Rob lives near the geographical center of the North American continent with his wife, daughters, and (unfortunately) two cats. Most days he's a member of the law enforcement community, and tries to keep himself sane by making himself both stronger and more creative. His big plan is to find a way back to the coast and to stay there for good so he surf the livelong day.
I was thinking the other day about this species of tension that people tend to have, between addictions and unmotivated desires; by “people,” of course, I refer to myself.
But maybe you get what I’m talking about.
There’s stuff I need to do. Things I badly want to get done. Finish the playhouse. Cut back the hedges. Get ready for cold weather. The list is long but the spirit’s not willing. Earlier in the year I had all this motivation and made things happen, but now I feel like my priorities have shifted without observing the courtesy of giving any notice whatsoever. I started to blog again. Started to knit again. Started getting sucked into this fantastic game called Cities: Skylines for hours at a time. Is it the changing of the weather, I wonder? Or did I make the mistake of switching gears too soon? My hands do these things as though they have a mind of their own while the other work languishes.
As the days grow shorter, I find myself spinning more than anything, in the rush to prepare for the coming season. Too much to do, and plenty of time too . . .
a splendid rise
through obscuring mists —
Have you ever noticed that sometimes there’s a stigmatic backlash whenever the concept of fairness comes up?
This bears mentioning, because in society we have concepts of fairness that are upheld by legislation, regardless: equal opportunity employment, fairness in the workplace, in medicine, in real estate, etc. Whether or not it works is not the issue though, but how sometimes the response to a complaint that something is unfair is that “life is not fair”. Stop being a baby. Suck it up.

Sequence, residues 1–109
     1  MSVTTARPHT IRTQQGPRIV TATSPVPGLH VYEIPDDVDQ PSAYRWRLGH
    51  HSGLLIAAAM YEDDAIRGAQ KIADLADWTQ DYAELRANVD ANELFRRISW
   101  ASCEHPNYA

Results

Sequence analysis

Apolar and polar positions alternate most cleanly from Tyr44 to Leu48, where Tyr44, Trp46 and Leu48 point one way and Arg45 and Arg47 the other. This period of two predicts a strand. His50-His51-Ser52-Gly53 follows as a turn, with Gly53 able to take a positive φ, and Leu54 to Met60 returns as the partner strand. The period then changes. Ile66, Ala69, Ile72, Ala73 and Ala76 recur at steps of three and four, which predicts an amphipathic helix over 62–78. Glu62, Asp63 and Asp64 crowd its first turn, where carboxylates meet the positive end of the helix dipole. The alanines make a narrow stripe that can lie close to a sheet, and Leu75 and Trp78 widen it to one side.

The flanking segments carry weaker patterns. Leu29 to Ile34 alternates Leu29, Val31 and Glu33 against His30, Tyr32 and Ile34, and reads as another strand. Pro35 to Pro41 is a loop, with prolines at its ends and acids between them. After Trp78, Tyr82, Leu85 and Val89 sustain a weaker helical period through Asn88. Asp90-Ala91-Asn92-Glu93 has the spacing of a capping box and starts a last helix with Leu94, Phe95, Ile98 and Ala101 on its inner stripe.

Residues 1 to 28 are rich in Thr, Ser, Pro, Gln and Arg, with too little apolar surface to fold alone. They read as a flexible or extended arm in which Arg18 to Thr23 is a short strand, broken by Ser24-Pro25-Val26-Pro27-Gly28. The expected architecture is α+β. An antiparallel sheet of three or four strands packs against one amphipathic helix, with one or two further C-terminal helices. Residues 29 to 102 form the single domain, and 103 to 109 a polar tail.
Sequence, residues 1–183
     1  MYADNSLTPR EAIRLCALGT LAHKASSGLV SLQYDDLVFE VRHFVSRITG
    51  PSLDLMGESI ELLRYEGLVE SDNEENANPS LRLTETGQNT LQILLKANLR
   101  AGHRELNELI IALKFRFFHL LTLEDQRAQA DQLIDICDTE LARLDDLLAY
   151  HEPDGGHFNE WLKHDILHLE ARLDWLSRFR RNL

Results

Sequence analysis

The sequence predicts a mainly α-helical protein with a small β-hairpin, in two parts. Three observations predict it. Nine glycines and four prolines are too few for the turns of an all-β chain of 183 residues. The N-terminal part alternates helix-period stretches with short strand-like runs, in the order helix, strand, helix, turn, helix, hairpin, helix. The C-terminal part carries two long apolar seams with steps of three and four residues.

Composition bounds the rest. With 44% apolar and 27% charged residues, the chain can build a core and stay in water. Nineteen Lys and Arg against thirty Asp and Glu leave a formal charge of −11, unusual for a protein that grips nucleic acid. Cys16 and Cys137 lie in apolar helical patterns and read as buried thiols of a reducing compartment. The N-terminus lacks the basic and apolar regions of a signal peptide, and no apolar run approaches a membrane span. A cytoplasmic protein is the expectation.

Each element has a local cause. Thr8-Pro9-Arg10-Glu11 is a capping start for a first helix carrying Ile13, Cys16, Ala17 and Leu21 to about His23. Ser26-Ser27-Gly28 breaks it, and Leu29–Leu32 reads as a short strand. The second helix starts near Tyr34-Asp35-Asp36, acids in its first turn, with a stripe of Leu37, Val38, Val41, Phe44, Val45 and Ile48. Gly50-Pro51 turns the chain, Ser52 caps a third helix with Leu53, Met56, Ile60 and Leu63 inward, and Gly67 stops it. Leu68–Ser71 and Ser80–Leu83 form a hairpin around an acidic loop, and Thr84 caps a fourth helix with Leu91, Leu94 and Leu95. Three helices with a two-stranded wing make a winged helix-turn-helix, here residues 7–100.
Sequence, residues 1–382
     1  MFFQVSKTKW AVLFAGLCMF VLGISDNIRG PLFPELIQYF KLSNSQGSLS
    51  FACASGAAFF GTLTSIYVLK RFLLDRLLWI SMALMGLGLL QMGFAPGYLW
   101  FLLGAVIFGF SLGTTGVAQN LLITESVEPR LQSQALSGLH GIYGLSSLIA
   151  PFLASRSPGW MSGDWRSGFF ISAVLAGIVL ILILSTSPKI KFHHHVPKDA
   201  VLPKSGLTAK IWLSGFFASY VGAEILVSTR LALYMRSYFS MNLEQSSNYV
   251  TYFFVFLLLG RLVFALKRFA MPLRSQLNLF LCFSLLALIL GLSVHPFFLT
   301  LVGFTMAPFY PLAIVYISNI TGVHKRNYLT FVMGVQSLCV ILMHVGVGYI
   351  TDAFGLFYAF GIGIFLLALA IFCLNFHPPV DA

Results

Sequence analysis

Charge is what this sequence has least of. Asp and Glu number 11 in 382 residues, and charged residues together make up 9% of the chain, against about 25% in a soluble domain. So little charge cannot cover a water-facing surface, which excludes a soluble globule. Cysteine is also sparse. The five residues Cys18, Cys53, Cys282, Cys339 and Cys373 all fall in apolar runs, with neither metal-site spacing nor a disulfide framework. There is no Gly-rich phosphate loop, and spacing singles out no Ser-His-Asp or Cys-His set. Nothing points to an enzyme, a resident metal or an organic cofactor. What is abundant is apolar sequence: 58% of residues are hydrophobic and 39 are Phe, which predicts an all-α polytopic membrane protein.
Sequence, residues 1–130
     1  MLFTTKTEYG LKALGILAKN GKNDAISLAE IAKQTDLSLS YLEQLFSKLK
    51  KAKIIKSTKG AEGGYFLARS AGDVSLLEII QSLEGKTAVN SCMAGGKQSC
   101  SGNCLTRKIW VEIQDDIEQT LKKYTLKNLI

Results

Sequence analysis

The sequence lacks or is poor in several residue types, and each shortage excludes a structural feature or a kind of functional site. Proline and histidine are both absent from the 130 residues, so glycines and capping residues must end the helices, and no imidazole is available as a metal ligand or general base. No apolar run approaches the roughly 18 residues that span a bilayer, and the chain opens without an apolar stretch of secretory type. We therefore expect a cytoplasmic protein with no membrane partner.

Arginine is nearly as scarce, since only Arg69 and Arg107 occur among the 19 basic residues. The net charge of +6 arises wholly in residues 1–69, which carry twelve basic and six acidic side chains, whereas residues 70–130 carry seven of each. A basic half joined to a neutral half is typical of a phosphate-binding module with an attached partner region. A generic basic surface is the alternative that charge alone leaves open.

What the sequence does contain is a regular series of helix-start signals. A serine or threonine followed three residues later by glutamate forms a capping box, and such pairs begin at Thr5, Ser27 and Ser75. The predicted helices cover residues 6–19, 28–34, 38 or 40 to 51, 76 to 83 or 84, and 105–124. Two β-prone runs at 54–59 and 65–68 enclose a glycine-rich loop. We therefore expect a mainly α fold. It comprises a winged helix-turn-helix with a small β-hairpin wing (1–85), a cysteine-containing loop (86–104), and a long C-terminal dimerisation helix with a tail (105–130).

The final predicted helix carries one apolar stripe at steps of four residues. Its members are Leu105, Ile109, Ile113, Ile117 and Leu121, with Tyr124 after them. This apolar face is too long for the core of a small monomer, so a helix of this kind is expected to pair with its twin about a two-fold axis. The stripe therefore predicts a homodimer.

The anticipation of such a backlash can be an obstacle to change, right?
And sometimes, when I feel as though I’ve been treated unfairly, I begin to question myself and my own motivation for feeling that way; maybe I’m missing something. The information I have might be incomplete. Or perhaps I’m just frustrated that something isn’t going my way.
What’s more is that the farther in the past these things are, the more perspective we gain from their passing from view. We wouldn’t be where we are now if that didn’t happen — so does that change the spin of fairness we ascribe to that event?
Besides, not getting a fair shake isn’t the worst of life’s evils — things like natural disasters, poverty, famine, perpetual war . . .
When we used to live near the Capitol in Bismarck, I might have said that the most beautiful place in the neighborhood was the Capitol grounds. The expansive green lawn populated with statues of local heroes and gardens of native flora. The running path I often used. It was a park and a public space where I would go to fly my RC helicopter or play on the lawn with Mme. Ross and Little Miss Laney.